It’s time someone said it: ‘Candid’ influencers are just as fake as the old ones

Words by Bianca O'Neill

Image via Instagram/Emma Chamberlain

If you think the ‘candid’ trend means you’ll see more realness, you’re wrong.

Last week, The Atlantic dropped an in-depth thinkpiece about the trend of young Instagrammers moving away from posed, overly-filtered photos in favour of more candid, pared back images. Fakery is over, it declared, citing a handful of examples of the purported ‘new’ aesthetic.

The news was welcomed by online media and digital agencies with open arms, as commentators proudly declared this was proof that the traditional influencer was finally dead in the water.

But they shouldn’t be celebrating yet – because The Atlantic is wrong.

In a series of interviews with the next crop of influencers, journalist Taylor Lorenz attempts to prove that these young women are just so super chill and not at all concerned with how they look, that they don’t even try. Trying, for Gen Z, is evidently uncool – and so, the thought process goes, the less you look like you’re trying, the more authentic you are.

So… you must ensure you look flawless and cool, but not look like you’re trying to be flawless and cool? And this somehow makes you more authentic? The logic is so flawed, it hurts my brain.

“Fast-rising young influencers such as Emma Chamberlain, Jazzy Anne, and Joanna Ceddia all reject the notion of a curated feed in favor of a messier and more unfiltered vibe,” Lorenz tells us breathlessly, while linking to photos like this and this. Excuse me while I laugh out loud for the next 15 minutes over the notion that neither of these photos have been posed, filtered, or photoshopped. SO CANDID!

“In fact, many teens are going out of their way to make their photos look worse,” Lorenz claims, as if the idea was the most shocking thing the writer had heard in years. And, quoting a random: ‘“Adding grain to your photos is a big thing now,” says Sonia Uppal, a 20-year-old college student. “People are trying to seem candid. People post a lot of mirror selfies and photos of them lounging around.”’

Seem being the operative word. Ok, so let me get this straight… the argument here goes that because teens are using a filter which adds graininess, instead of a filter to smooth facial features, that somehow this is not trying as hard? That the pursuit of ‘candid’ images isn’t just as involved – nay, more involved – than looking like you’re posing?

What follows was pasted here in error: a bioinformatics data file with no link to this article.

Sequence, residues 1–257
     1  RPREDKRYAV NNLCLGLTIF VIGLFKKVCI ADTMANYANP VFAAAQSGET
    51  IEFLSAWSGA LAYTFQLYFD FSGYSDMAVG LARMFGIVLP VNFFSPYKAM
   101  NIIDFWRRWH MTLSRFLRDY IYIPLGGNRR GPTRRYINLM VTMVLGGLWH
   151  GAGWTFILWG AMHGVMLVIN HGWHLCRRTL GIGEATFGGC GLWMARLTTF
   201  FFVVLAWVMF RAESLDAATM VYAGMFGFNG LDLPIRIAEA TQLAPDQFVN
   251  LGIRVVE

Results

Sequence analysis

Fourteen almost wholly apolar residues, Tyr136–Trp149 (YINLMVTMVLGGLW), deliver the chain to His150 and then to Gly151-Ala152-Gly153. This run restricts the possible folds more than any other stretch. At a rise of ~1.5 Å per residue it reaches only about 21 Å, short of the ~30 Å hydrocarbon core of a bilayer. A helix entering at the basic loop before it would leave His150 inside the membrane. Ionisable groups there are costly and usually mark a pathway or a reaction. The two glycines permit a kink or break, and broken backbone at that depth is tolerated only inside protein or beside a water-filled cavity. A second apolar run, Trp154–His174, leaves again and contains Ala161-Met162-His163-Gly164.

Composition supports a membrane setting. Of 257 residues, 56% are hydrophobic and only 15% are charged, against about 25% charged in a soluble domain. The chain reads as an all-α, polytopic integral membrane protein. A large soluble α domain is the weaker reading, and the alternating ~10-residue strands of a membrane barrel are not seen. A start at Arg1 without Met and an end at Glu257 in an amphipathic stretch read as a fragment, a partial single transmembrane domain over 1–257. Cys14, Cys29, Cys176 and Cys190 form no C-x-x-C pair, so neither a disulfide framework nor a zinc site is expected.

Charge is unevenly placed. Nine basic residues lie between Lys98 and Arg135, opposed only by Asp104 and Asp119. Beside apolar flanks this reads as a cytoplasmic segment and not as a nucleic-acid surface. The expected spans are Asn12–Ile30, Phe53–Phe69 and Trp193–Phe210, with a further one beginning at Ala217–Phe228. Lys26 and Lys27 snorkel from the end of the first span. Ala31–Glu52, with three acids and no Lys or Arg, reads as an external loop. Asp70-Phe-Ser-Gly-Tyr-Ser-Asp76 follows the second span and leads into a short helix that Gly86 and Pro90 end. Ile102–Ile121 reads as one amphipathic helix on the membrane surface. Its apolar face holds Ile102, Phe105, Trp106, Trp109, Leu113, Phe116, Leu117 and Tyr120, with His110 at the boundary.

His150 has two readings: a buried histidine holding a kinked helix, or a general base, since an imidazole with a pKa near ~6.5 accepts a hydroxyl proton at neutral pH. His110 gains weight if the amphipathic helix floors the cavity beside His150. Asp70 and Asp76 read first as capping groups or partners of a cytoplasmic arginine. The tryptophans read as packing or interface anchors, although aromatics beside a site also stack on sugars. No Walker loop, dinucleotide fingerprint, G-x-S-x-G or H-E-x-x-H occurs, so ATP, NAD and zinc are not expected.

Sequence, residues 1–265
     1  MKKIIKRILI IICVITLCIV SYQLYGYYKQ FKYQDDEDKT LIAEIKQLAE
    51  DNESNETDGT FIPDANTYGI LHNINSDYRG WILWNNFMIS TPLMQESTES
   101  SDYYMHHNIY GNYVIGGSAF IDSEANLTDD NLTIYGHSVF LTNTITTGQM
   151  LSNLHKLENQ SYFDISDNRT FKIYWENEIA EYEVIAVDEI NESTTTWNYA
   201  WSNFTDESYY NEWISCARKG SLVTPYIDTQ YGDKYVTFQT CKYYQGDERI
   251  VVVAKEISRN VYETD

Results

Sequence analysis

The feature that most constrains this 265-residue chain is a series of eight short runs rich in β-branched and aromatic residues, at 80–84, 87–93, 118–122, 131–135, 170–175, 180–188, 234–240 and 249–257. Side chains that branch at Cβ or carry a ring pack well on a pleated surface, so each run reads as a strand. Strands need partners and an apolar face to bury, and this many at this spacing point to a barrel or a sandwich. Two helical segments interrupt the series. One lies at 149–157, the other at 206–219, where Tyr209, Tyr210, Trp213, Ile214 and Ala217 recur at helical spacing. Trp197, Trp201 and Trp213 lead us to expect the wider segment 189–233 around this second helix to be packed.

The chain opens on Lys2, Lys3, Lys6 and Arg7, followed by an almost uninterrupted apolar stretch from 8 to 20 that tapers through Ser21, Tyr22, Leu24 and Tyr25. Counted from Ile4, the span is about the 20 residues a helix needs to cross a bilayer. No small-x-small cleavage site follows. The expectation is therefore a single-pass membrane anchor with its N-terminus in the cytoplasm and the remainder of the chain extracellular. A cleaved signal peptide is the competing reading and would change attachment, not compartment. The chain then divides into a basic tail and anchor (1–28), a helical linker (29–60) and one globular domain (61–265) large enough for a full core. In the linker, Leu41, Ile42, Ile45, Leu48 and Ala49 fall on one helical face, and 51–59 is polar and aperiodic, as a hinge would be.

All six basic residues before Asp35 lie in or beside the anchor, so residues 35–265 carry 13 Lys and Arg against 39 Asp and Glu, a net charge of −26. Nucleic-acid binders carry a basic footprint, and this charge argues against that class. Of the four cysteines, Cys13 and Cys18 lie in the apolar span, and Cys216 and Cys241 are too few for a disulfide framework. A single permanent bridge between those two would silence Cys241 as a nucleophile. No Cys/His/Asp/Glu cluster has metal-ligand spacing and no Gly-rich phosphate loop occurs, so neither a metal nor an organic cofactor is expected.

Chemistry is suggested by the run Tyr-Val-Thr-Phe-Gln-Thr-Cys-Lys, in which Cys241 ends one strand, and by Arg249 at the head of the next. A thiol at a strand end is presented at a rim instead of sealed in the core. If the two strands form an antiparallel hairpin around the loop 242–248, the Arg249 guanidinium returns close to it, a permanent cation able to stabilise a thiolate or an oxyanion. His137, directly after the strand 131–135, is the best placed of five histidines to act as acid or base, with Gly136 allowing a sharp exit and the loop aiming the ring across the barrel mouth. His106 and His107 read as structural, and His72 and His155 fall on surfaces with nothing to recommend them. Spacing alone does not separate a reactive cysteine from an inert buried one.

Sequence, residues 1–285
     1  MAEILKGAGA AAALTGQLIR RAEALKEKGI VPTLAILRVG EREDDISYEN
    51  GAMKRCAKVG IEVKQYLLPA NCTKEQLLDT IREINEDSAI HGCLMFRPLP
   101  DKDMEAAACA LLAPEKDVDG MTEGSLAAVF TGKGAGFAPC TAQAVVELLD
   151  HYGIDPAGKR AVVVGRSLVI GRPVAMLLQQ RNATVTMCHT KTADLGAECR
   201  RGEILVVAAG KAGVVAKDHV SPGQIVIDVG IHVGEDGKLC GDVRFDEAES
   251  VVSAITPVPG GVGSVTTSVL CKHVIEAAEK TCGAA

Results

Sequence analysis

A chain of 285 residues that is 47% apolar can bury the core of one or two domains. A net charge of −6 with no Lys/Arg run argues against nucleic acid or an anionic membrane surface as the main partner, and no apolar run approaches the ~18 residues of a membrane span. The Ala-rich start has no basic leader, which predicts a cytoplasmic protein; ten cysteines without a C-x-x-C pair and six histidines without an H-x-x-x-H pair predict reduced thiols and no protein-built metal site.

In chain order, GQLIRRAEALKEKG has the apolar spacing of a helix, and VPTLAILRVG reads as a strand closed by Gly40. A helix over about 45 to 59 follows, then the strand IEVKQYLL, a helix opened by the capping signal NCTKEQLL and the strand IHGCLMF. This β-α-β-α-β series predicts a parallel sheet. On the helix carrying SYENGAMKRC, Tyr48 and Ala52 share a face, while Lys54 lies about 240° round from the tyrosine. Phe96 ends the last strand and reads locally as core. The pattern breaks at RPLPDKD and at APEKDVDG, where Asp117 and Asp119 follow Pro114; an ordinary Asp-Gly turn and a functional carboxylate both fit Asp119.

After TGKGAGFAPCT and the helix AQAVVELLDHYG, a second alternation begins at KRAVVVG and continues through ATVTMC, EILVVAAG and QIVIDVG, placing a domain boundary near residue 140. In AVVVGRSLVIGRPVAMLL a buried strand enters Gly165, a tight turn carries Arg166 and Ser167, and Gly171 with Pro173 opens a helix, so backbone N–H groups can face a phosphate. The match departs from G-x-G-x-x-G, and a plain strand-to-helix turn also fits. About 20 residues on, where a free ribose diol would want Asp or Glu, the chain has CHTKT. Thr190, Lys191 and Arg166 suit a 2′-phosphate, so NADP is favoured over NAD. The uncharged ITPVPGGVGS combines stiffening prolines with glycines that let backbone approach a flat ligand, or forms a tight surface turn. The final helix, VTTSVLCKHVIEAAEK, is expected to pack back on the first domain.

We can’t all sit here and pretend that a series of *perfectly* candid photos, like those above from Emma Chamberlain or Jazzy Anne, somehow mean that Instagram fakery is over. It’s just a new brand of the same old shit. And if you’re not convinced yet, let’s look at another example that Lorenz offers – an example of the kind of “laid back candid content” they’re trying to spruik. An example that is so laughable, I almost wondered if this was actually a satirical article.

“Take Reese Blutstein, says Lorenz, “a 22-year-old influencer who has amassed more than 238,000 followers in just over a year by posting unfiltered, low-production photos of herself in quirky outfits… She, like many members of her generation, doesn’t stress about posting almost the exact same photo twice in a row, something first-generation influencers wouldn’t dream of.”

“I’m not afraid to over-post,” quoth the influencer. “I don’t think, Oh, will this mess up how my feed looks… I don’t think too much about it. If I like an image, I just post it.”

“For my generation, people are more willing to be who they are and not make up a fake identity,” she says. “We are trying to show a real person doing cool things as a real person, not trying to create a persona that isn’t actually you.”

Ok, cool. So now let’s take a moment to have a look at her feed, shall we?

NO, NOT POSED OR COMPLETELY CONTRIVED AT ALL! Haven’t seen this aesthetic on Instagram anywhere before you guys, it’s so completely original, omg.


This is not a swipe at the influencers I’ve linked to here – they’re creating amazing content that connects with their audience. They’re representing a new generation of young women creating communities and developing blooming businesses that have the potential to deliver financial independence. This is a great thing.

But the assertion that they’re doing anything different – that, somehow, their creativity is in any way more ‘candid’ or ‘real’ than previous influencers – is simply a bunch of bullshit. And Blustein asserting that her feed isn’t in any way a carefully curated identity – that she is somehow less fake than those who went before her – is simply naïve and arrogant.

We all create personas on social media. We all show our best side. Changing the definition of that from ‘flawless’ to ‘funny’ or ‘candid’ or ‘relaxed’ doesn’t make it more real.

It just takes more effort.

Follow Bianca’s not entirely candid Instagram feed at @bianca.oneill

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